Expert Commentary

Becoming a Great Risk Manager 

Achieving greatness is a very personal idea, so it can be difficult to define. But regardless of how it is defined, the key to achieving greatness requires a vision, a plan, and positive actions that lead to success. This article provides tactics that can lead to success.


February 2019

One of my claims managers was given the opportunity to become a risk manager. Although I hated to see her go, I was proud of her and excited for her to move up in her career. She mentioned that she wanted to be successful as a risk manager, the way I have been. That got me thinking—what advice could I give her on how to be a successful risk manager? Here's what I came up with. 

  1. Treat your service providers with respect.
    Before becoming a risk manager, I briefly spent some time on "the other side" at an insurance brokerage working with risk management information systems (RMIS). This was in the early days of computers in insurance and risk management, and my clients were risk managers of the biggest companies in town because those were the ones that could afford RMIS. Of these clients, some were the thankful, friendly types; others were the type to yell at the broker to make themselves feel important.

    This experience made me understand the old saying "you can catch more flies with honey than vinegar." Since then, I've tried to treat my brokers, underwriters, claims adjusters, and other service providers with respect, hoping they'll do a good job for me because they want to, not because they're afraid I'm going to yell at them or fire them. Mutual respect goes a long way to getting the job done and getting it done well.  

  2. Get credentials. 
    Nothing says you know what you're doing better than a bunch of letters following your name. The credentials following my name are longer than my name, and I don't even include my master of business administration (MBA) in the list (because it’s education, not a professional designation). When I got out of school…. Wait, let me stop here because that was my first credential—I’m one of those people who got an undergraduate degree in risk management and insurance (RMI). So, after getting a degree in RMI and a job in RMIS (and learning that our industry is full of acronyms that only we understand), I was bored and missed studying.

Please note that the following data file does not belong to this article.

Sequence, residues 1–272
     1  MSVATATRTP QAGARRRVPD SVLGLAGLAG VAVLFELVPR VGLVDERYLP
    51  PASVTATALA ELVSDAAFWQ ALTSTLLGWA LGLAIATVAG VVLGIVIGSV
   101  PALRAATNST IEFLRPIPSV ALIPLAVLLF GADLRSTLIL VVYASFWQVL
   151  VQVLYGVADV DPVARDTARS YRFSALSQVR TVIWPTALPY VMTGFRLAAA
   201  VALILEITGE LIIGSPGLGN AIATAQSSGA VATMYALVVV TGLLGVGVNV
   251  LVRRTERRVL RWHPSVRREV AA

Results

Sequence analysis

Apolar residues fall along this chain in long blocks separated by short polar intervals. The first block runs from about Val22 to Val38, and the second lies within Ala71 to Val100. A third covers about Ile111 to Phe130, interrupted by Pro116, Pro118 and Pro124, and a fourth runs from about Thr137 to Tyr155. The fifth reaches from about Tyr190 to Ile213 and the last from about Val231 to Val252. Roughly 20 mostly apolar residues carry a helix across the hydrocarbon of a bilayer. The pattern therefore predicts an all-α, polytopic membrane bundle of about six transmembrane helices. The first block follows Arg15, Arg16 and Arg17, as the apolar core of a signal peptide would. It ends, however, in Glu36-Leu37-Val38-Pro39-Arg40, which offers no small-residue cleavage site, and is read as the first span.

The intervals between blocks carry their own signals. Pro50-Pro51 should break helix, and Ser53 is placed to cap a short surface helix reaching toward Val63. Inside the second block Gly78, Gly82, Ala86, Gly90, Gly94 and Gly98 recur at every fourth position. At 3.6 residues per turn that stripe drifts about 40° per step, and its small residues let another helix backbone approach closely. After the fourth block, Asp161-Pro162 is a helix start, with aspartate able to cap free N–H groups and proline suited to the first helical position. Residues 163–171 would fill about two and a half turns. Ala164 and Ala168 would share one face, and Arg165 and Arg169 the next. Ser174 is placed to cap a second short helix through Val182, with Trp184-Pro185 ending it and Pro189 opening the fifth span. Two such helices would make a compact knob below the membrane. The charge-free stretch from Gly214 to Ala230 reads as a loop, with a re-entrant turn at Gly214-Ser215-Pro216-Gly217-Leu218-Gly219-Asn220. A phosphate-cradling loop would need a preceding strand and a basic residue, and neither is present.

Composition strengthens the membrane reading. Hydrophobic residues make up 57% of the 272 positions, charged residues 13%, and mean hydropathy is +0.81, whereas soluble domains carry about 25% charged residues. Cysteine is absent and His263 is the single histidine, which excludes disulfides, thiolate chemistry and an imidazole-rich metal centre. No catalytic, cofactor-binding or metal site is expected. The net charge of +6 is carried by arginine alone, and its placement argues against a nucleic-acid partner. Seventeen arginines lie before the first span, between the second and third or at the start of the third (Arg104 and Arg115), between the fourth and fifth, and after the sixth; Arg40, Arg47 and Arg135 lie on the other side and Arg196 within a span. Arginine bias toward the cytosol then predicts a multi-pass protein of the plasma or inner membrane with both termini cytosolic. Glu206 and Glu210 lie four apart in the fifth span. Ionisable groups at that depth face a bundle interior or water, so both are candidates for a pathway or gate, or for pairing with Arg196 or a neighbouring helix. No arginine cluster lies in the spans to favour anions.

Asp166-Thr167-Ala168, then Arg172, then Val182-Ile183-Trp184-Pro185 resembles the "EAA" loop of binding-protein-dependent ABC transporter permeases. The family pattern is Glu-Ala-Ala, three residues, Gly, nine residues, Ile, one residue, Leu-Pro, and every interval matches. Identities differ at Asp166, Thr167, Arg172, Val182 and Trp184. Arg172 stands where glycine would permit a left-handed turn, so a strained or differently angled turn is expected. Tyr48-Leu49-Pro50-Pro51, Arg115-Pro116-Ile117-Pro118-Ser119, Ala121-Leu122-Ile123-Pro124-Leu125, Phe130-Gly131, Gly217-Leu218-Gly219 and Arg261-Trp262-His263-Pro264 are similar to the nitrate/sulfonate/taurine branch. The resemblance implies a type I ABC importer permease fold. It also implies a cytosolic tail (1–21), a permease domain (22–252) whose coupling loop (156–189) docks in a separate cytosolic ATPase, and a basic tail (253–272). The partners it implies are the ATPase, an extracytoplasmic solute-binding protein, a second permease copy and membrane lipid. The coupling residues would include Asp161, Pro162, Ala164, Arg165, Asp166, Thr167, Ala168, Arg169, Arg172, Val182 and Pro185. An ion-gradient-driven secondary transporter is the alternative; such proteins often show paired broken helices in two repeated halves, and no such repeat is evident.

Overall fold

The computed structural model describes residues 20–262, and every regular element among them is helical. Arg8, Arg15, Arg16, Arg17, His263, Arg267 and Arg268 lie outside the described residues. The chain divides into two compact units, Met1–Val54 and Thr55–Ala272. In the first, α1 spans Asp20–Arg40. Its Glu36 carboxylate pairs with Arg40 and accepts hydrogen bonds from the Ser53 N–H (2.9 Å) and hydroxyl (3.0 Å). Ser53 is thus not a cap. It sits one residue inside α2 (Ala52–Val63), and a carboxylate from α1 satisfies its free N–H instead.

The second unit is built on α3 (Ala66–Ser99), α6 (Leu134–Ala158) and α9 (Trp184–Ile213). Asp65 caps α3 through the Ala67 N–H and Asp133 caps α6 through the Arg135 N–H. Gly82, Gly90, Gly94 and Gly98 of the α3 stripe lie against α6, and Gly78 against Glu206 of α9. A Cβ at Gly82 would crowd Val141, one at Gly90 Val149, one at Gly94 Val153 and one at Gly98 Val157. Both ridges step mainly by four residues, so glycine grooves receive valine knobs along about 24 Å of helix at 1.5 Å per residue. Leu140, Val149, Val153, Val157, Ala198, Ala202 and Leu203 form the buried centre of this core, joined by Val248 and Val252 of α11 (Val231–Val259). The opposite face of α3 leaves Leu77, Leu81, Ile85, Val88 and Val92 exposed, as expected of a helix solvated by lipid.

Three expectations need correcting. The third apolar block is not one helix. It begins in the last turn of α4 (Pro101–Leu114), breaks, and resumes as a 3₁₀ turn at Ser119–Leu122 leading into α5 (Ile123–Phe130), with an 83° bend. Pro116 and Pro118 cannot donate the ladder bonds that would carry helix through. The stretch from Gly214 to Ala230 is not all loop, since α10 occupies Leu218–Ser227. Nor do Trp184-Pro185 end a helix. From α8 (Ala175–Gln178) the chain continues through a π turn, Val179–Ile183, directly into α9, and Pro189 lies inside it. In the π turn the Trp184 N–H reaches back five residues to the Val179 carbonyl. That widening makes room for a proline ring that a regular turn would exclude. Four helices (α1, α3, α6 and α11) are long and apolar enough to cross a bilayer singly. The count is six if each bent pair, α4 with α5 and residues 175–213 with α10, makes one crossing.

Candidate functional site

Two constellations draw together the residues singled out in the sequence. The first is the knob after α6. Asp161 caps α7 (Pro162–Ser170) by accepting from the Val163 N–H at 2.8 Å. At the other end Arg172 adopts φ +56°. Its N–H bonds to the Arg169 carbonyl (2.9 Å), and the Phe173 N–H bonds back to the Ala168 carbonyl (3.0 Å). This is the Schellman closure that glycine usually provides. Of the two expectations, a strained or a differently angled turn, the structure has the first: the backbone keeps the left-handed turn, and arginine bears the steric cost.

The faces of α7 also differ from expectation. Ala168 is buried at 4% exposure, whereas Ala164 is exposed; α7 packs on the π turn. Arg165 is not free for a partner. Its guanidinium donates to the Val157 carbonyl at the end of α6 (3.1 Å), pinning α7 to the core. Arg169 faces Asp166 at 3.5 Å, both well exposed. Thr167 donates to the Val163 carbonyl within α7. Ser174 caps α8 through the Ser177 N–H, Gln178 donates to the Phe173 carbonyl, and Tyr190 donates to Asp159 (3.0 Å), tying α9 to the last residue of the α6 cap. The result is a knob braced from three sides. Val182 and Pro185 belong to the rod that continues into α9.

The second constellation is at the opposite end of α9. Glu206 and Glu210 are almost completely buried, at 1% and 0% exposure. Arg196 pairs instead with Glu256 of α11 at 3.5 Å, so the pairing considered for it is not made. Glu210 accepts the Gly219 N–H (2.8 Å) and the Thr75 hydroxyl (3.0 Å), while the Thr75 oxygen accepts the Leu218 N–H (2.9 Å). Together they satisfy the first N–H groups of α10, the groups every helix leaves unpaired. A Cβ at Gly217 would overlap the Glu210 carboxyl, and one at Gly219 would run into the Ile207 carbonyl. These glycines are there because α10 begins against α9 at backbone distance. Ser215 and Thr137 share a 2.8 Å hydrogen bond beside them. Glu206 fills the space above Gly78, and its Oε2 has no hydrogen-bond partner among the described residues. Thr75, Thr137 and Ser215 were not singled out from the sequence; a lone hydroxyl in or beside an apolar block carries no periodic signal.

I decided to start working on my Chartered Property Casualty Underwriter (CPCU) designation. While this designation is well-respected throughout the risk management and insurance industry, the risk management side doesn't value it as much as the insurance side does. I ended up moving to the risk management side in the middle of my CPCU studies, and my new boss suggested I get the Associate in Risk Management (ARM) instead. So I did. And then I finished my CPCU. Two designations down! 

    With those two in my pocket, I made a few moves up the career ladder. Then, one day, I looked around and realized that risk management was getting to be more finance-focused and that having an MBA would be useful. I researched my graduate school options and selected a local school with a big name and a good reputation that would serve me well in my city. Two years later, with an MBA in finance and strategy, I got my "big MBA job" with a real estate investment company specializing in the niche market of nontraded real estate investment trusts, which they marketed through their own wholesale securities broker-dealer. Wow! 

    When the company started getting into construction, I decided I needed to educate myself in construction risk and insurance, so I got the Construction Risk Insurance Specialist designation through IRMI. Later, I dealt more and more with directors and officers insurance and errors and omissions insurance, which are areas that most risk managers don't spend much time with, so I decided to get IRMI's Management Liability Insurance Specialist designation as evidence that it is a specialty of mine. Later, I got interested in enterprise risk management (ERM). Since my boss liked all of my designations, he asked if I could get a designation in ERM. I could, and I did, adding the "E" to the end of my ARM. 

    I don't plan to get any more risk management and insurance designations, but my new employer has its own "university," and they've got some interesting things in their course catalog! 

    Here's my point: Never stop learning! 

  3. Get to know your coworkers/risk owners.
    As a risk manager, you need to know what's going on within your organization so that you can determine the best risk management technique to use (risk finance, risk control, risk avoidance, etc.). That means learning about the current, short-term, and long-term operations and plans of the company, which can be done by talking to your coworkers at all levels.